During the course of 2005 we ran many narrative projects on a range of topics including project evaluation, occupational health and safety, trust, change management and culture change. In each case one of the valuable outcomes was the exposure of the values in action in the organisation. In several cases, the values in action were significantly different from the organisation’s espoused values. In one occupational health and safety project, the values in action identified included:
Obviously these are not the sort of values the organisation espoused and they caused much consternation for the management team. Thankfully, the next step in the narrative approach, intervention design, provides a great vehicle for identifying the actions that can close the gap between the values in action and the desired ones. Simple interventions can have disproportionate effect. For example, one of the interventions in the project mentioned above was the simple step of the CEO having lunch with Chip Goodyear, CEO of BHP Billiton and strong advocate of workplace health and safety and its contribution to the bottom line. The idea of the interventions is not to ‘solve the problem’ but to initiate a portfolio of actions to change the pattern of behaviours around the values.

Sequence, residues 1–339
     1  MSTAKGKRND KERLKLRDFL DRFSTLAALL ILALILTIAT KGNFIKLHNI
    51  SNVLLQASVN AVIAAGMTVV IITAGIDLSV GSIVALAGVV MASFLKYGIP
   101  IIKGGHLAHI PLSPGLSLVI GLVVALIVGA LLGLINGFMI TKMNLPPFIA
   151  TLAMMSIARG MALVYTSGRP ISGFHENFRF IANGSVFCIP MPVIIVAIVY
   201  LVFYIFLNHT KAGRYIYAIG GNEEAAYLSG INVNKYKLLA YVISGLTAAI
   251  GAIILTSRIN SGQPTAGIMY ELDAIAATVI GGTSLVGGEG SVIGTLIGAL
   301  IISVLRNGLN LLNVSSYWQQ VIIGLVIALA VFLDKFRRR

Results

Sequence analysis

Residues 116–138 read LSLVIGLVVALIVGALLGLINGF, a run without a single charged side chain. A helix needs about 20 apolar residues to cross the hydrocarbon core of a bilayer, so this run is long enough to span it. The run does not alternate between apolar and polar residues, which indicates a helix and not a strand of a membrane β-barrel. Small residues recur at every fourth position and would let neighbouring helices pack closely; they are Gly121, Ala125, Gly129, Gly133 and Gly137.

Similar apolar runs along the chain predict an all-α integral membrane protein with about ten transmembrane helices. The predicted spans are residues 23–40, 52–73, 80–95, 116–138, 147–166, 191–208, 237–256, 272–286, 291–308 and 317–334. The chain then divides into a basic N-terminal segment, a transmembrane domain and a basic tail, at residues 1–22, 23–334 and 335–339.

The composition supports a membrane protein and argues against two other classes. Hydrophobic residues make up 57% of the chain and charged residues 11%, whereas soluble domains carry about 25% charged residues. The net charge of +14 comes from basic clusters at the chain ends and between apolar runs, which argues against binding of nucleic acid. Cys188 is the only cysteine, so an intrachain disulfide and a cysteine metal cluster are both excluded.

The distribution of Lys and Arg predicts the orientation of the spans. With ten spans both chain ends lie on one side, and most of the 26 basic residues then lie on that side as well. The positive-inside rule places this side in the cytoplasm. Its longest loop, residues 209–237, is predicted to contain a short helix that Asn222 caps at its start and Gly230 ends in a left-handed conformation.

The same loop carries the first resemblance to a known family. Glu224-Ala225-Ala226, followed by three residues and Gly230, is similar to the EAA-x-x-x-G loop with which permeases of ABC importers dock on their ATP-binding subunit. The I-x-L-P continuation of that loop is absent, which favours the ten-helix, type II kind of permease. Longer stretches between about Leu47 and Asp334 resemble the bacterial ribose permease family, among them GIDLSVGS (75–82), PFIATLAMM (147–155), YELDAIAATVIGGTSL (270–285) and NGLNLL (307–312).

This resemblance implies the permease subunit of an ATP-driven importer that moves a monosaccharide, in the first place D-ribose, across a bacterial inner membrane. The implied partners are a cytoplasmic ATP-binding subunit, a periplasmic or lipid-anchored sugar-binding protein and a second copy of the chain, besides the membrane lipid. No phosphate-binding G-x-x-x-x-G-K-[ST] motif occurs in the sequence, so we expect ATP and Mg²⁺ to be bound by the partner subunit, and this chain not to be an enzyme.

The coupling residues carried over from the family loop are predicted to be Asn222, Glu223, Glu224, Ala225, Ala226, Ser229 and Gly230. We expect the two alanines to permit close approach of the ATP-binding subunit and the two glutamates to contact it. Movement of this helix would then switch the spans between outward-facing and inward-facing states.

Narrative is also powerful where organisations wish to develop and articulate a set of values that resonate within the organisation. As in Shawn’s previous blog on values, illustrating the values with suitable anecdotes provides a way of bringing the values to life.
About Mark Schenk
Mark works globally with senior leadership teams to improve their ability to communicate clearly and memorably. He has been a Director of Anecdote since 2004 and helped the company grow into one of the world’s leading business storytelling consultancies. Connect with Mark on:
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